Slideshows Images Quizzes

Copyright © 2018 by RxList Inc. RxList does not provide medical advice, diagnosis or treatment. See additional information.

Medrol

Last reviewed on RxList: 9/11/2018
Medrol Side Effects Center

Medical Editor: John P. Cunha, DO, FACOEP

Last reviewed on RxList 9/11/2018

Medrol (methylprednisolone) is a glucocorticoid (adrenocortical steroid) that can depress the immune response and inflammation and is used in diseases ranging from rheumatologic, hematologic, endocrine, dermatologic, immunologic, allergic, and ophthalmologic to many others. Medrol is available in generic form. Common side effects of Medrol include:

  • skin problems (acne, dry and thinning skin, easy bruising or discoloration),
  • slow wound healing,
  • changes in the shape or location of body fat (especially in the neck, face, arms, legs, breasts, and waist),
  • nausea,
  • stomach pain,
  • bloating,
  • headache,
  • dizziness,
  • spinning sensation,
  • sleep problems (insomnia),
  • increased sweating, and
  • mood changes.

Serious side effects of Medrol include emergency medical conditions such as:

Medrol is available as 2, 4, 8, 16 or 32 mg strength tablets. Dosages are extremely variable and are based on what diseases are being treated. Medrol may interact with aspirin (taken on a daily basis or at high doses), diuretics (water pills), blood thinner, cyclosporine, insulin or oral diabetes medications, ketoconazole, rifampin, seizure medications, or "live" vaccines. Tell your doctor all medications and supplements you use and all vaccines you recently received. Medrol use in pregnancy is not advised; benefits versus potential problems should be considered for pregnant women. Medrol is not advised for women who are breastfeeding. Medrol has been used in pediatric patients, but the dosage should be carefully adjusted for each patient and disease.

Our Medrol Side Effects Drug Center provides a comprehensive view of available drug information on the potential side effects when taking this medication.

This is not a complete list of side effects and others may occur. Call your doctor for medical advice about side effects. You may report side effects to FDA at 1-800-FDA-1088.

Medrol Consumer Information

Get emergency medical help if you have signs of an allergic reaction: hives; difficult breathing; swelling of your face, lips, tongue, or throat.

Call your doctor at once if you have:

  • shortness of breath (even with mild exertion), swelling, rapid weight gain;
  • bruising, thinning skin, or any wound that will not heal;
  • blurred vision, tunnel vision, eye pain, or seeing halos around lights;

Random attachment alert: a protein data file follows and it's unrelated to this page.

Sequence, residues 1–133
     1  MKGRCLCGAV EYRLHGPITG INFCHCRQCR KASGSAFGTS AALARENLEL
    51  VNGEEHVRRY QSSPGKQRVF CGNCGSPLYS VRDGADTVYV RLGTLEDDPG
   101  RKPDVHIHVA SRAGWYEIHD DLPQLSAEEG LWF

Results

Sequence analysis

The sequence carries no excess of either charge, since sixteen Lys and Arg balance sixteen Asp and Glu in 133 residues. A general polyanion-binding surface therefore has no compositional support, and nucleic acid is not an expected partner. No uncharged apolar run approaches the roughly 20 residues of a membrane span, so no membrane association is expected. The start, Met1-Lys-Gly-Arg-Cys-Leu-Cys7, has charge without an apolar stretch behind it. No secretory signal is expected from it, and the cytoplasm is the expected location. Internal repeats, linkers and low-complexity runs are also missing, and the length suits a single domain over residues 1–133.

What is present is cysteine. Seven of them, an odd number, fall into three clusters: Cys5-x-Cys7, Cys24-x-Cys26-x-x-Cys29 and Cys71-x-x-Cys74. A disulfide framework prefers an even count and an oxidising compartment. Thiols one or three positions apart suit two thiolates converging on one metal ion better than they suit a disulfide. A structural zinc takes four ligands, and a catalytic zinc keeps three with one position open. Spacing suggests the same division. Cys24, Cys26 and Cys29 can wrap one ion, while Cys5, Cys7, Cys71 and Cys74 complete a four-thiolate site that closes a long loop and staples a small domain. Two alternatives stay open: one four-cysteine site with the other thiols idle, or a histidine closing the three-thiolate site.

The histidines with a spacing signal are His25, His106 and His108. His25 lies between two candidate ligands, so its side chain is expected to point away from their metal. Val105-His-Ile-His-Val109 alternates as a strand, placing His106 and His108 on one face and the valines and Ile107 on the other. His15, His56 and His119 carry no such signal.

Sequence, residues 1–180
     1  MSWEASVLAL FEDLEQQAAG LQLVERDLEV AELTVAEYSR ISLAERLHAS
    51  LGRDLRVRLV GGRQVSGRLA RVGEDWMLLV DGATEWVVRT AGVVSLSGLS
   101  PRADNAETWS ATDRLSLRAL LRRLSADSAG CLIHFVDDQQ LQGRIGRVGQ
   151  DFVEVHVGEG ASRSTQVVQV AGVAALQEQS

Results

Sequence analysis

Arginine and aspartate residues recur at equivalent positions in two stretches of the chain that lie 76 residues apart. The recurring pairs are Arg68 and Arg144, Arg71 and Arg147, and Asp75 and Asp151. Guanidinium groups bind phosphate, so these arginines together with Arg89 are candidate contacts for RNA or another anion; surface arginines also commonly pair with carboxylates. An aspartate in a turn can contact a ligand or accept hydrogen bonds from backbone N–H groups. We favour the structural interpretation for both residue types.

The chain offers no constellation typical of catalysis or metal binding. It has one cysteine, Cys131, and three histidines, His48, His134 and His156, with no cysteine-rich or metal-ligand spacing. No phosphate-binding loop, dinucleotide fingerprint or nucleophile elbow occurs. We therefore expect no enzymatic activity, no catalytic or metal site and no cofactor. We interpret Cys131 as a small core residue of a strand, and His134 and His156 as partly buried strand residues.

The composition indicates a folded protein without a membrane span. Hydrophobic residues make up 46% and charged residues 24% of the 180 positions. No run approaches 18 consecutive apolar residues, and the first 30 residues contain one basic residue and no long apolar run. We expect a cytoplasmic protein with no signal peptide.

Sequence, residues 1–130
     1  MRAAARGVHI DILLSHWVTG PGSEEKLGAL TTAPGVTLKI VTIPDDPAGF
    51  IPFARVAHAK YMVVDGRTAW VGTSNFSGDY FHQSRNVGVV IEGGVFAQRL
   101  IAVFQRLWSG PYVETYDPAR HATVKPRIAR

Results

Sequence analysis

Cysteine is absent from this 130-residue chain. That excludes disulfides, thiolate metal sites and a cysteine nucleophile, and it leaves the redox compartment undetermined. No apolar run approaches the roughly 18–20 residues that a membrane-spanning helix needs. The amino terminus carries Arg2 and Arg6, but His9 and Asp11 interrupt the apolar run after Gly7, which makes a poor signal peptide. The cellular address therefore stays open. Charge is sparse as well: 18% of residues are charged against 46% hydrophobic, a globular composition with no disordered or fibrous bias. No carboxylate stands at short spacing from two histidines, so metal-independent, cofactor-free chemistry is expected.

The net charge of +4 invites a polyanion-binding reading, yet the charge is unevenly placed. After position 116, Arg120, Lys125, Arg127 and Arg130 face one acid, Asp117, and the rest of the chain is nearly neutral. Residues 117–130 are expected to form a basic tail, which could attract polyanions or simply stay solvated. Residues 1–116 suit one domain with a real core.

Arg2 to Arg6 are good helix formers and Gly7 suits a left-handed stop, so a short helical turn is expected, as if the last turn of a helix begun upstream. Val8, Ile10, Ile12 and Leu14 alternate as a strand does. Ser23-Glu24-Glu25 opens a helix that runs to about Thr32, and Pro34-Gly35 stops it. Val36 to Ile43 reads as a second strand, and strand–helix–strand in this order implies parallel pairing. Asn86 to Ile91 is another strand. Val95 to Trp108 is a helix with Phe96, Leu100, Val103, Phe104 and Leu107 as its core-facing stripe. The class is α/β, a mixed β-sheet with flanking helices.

• severe depression, changes in personality, unusual thoughts or behavior;
  • new or unusual pain in an arm or leg or in your back;
  • bloody or tarry stools, coughing up blood or vomit that looks like coffee grounds;
  • seizure (convulsions); or
  • low potassium--leg cramps, constipation, irregular heartbeats, fluttering in your chest, increased thirst or urination, numbness or tingling.

Steroids can affect growth in children. Tell your doctor if your child is not growing at a normal rate while using this medicine.

Common side effects may include:

  • fluid retention (swelling in your hands or ankles);
  • dizziness, spinning sensation;
  • changes in your menstrual periods;
  • headache;
  • mild muscle pain or weakness; or
  • stomach discomfort, bloating.

This is not a complete list of side effects and others may occur. Call your doctor for medical advice about side effects. You may report side effects to FDA at 1-800-FDA-1088.

Read the entire detailed patient monograph for Medrol (Methylprednisolone)

Medrol Professional Information

SIDE EFFECTS

Fluid and Electrolyte Disturbances
Sodium retention
Congestive heart failure in susceptible patients
Hypertension
Fluid retention
Potassium loss
Hypokalemic alkalosis

Musculoskeletal
Muscle weakness
Loss of muscle mass
Steroid myopathy
Osteoporosis
Tendon rupture, particularly of the Achilles tendon
Vertebral compression fractures
Aseptic necrosis of femoral and humeral heads
Pathologic fracture of long bones

Gastrointestinal
Peptic ulcer with possible perforation and hemorrhage
Pancreatitis
Abdominal distention
Ulcerative esophagitis
Increases in alanine transaminase (ALT, SGPT), aspartate transaminase (AST, SGOT), and alkaline phosphatase have been observed following corticosteroid treatment. These changes are usually small, not associated with any clinical syndrome and are reversible upon discontinuation.

Dermatologic
Impaired wound healingPetechiae and ecchymoses
May suppress reactions to skin tests
Thin fragile skin
Facial erythema
Increased sweating

Neurological
Increased intracranial pressure with papilledema (pseudo-tumor cerebri) usually after treatment
Convulsions
Vertigo
Headache

Endocrine
Development of Cushingoid state
Suppression of growth in children
Secondary adrenocortical and pituitary unresponsiveness, particularly in times of stress, as in trauma, surgery or illness
Menstrual irregularities
Decreased carbohydrate tolerance
Manifestations of latent diabetes mellitus
Increased requirements of insulin or oral hypoglycemic agents in diabetics

Ophthalmic
Posterior subcapsular cataracts
Increased intraocular pressure
Glaucoma
Exophthalmos

Metabolic
Negative nitrogen balance due to protein catabolism
The following additional reactions have been reported following oral as well as parenteral therapy: Urticaria and other allergic, anaphylactic or hypersensitivity reactions.

Read the entire FDA prescribing information for Medrol (Methylprednisolone)

Health Solutions From Our Sponsors

CONTINUE SCROLLING FOR RELATED ARTICLE